One mode that didn’t seem to make the cut is Globetrotter. In Globetrotter you’d answer questions about countries, giving the player who answered it correctly control over which country was up next. Either I haven’t played the game enough for it to come up (doubtful) or it is actually gone. This mode was the more difficult of the available types, but I don’t think it was so hard as to prevent its inclusion.
For all of its shiny new presentation, there is very little new under the sun in terms of gameplay. The gameplay that is here is essentially the same as the previous titles, and there isn’t anything wrong with that. While it’d be great to see some new modes for the game, these can easily be patched in via the PlayStation Network, but we’ll talk more about that later.
There is one new mode that needs to be mentioned – MyBuzzQuiz.com. If you sign in at this URL you can use your PSN ID to create quizzes of your own, allowing other players to play your questions. You can make any question you’d like, but they are routinely scanned for anything offensive. You can also flag them as mature (and you can turn off mature questions in the options menu), and you can put them into any category you wish. I’ve seen questions ranging from Ancient Greece to Steven Segal movies. Once you’ve played the custom quiz you can rate it, giving players access to a sort option to play the highest rated of the community-submitted quizzes. Of all the features that I think defines Buzz! Quiz TV, I believe this option is the key to the title. While player made quizzes are naturally shorter than the main game, the ability to create them extends Buzz! Quiz TV into a content delivery engine, as I had hoped it would.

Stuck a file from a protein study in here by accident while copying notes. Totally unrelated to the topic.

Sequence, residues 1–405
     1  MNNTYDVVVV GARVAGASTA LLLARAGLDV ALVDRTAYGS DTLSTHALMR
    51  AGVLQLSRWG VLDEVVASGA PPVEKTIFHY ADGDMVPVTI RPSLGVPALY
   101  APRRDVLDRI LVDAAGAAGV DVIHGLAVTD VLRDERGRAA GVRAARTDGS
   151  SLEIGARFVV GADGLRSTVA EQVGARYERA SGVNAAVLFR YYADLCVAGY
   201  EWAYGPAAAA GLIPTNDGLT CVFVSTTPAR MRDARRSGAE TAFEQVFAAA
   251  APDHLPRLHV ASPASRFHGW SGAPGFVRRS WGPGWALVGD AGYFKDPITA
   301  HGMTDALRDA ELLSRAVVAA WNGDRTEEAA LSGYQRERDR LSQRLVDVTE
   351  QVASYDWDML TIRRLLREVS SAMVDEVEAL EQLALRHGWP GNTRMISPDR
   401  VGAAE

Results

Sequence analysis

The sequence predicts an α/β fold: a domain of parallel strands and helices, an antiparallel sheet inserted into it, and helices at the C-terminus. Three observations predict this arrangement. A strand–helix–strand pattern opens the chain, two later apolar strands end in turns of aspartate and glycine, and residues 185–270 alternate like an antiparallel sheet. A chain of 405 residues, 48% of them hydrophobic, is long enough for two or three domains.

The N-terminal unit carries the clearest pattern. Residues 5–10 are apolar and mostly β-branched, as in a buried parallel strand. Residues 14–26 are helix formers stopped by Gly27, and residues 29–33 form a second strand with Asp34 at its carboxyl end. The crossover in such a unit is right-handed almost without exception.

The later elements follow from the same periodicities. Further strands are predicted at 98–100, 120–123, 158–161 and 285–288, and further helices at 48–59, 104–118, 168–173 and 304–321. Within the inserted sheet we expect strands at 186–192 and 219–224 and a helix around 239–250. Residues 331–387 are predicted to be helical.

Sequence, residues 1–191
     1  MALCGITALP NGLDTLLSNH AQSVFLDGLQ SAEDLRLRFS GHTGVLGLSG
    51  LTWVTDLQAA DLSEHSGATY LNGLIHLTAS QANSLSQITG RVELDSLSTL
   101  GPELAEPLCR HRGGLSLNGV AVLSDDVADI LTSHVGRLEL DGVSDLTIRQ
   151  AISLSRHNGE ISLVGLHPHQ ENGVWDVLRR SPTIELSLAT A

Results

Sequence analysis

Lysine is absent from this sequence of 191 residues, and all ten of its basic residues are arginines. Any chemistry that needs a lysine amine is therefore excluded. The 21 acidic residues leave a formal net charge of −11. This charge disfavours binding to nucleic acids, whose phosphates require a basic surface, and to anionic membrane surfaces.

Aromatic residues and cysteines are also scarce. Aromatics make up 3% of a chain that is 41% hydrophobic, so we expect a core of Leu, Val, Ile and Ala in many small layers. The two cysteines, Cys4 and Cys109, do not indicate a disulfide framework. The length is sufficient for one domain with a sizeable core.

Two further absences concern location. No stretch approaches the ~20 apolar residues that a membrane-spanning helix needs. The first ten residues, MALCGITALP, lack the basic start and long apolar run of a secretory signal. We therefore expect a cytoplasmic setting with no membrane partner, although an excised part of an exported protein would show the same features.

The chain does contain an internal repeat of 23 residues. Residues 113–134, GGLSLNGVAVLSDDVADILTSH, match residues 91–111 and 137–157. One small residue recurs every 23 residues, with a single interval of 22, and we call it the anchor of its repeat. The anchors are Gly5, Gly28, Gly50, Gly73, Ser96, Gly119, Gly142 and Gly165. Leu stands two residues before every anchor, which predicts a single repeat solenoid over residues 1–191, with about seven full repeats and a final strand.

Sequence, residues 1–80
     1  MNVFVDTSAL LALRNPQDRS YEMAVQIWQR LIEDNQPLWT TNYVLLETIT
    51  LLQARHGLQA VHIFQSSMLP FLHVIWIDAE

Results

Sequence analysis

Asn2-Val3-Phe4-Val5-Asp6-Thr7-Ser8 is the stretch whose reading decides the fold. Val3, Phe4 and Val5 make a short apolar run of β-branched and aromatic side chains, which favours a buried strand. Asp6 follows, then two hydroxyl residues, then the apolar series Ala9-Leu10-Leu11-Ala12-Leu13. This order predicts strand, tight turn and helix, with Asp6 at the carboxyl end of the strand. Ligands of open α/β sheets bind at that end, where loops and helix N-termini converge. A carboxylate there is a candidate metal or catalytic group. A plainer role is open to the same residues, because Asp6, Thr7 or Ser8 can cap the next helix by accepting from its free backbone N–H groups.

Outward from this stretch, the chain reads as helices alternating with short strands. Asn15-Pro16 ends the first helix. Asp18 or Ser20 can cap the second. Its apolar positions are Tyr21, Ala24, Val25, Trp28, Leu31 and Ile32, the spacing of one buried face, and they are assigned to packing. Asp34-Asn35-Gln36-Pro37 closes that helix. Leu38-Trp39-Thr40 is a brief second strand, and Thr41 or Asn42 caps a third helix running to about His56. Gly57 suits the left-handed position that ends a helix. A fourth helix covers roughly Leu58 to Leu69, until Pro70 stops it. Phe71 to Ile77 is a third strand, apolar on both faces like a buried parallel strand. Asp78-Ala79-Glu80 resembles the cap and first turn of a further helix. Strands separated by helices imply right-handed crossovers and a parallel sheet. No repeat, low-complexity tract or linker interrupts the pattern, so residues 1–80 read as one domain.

MyBuzz, wireless controllers with backwards compatibility, and a polished presentation make Buzz! Quiz TV a compelling upgrade. There are roughly 5000 questions available on the disc, giving players hours of entertainment without repetition. What bites the game in the tail is the inability to skip the cutscenes, and the lovable host himself that actually repeats enough to cause irritation. In this case, the positives far outweigh the negatives though.
In the UK you can buy content packs for the game for roughly 3.5 Euros which expand the game by another 500 questions. While we’ve not seen any announcements of how they will work on the US network, I’d suspect it’ll be similar. When you factor in the ability to download new content packs from Sony directly, as well as smaller content snippets from other players on the PlayStation Network, there is no doubt that this new addition to the series is well worth the upgrade investment.
The trophy hunters among you will be happy to know that Buzz! Quiz TV is one of the first titles to support the virtual rewards. You’ll be able to pick up beautiful gold, so-so silver, and oh-so-shameful bronze trophies for playing the game to the best of your ability. Just like Achievements on the 360, they are laid out based on time, number of total games, number of online matches, number of wins, and many more to give players instant gratification as well as long term goodies.As I said, there is very little new under the sun in terms of features in Buzz! Quiz TV, but the ones that are there are significant. Online play for up to four players, offline play for up to eight, and the ability to download question packs from Sony as well as other players round out this upgrade. Wireless controllers move players back from the console, allowing those of us with larger TVs to not go completely blind while playing. Buzz! Quiz TV is a solid title all around.